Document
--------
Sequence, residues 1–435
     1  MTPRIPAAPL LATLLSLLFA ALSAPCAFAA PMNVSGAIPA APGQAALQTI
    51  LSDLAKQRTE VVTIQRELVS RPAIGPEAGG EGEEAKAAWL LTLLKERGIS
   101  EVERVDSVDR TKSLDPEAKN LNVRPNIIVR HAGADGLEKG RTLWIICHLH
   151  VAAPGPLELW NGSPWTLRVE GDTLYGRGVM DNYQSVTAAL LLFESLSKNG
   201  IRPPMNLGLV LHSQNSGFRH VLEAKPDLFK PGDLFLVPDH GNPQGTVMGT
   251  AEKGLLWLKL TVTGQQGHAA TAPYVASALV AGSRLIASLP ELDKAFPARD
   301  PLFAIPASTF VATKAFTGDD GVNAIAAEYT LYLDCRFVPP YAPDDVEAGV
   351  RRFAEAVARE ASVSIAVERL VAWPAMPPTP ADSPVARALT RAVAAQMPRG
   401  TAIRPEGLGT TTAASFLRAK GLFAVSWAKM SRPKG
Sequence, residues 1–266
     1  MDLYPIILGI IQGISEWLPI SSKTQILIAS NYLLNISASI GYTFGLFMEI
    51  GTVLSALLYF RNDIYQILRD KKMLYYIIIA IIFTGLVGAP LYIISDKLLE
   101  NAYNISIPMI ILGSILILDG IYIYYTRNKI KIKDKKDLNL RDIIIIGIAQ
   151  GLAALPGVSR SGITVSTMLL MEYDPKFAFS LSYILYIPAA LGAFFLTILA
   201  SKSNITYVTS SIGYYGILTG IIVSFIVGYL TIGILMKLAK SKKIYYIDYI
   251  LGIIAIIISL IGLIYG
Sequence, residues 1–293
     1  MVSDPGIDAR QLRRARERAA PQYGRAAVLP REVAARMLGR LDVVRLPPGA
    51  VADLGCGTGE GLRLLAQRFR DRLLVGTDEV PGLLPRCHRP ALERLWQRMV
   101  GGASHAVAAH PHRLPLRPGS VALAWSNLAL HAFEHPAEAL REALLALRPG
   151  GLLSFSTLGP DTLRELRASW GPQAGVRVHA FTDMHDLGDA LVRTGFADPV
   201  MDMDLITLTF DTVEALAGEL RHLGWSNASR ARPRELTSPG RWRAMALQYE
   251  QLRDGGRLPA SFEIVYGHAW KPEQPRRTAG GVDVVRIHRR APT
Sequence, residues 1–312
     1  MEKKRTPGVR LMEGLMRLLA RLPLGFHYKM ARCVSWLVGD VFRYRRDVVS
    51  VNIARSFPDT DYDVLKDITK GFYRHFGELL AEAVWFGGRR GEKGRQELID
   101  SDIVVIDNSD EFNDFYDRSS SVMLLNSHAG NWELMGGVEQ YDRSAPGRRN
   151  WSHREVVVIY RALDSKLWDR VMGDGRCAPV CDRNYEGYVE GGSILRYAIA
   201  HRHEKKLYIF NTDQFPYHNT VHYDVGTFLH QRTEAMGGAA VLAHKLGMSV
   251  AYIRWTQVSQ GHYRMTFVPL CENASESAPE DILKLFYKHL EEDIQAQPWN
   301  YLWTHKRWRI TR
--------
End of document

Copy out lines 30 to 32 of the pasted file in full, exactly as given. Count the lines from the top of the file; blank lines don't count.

   201  HRHEKKLYIF NTDQFPYHNT VHYDVGTFLH QRTEAMGGAA VLAHKLGMSV
   251  AYIRWTQVSQ GHYRMTFVPL CENASESAPE DILKLFYKHL EEDIQAQPWN
   301  YLWTHKRWRI TR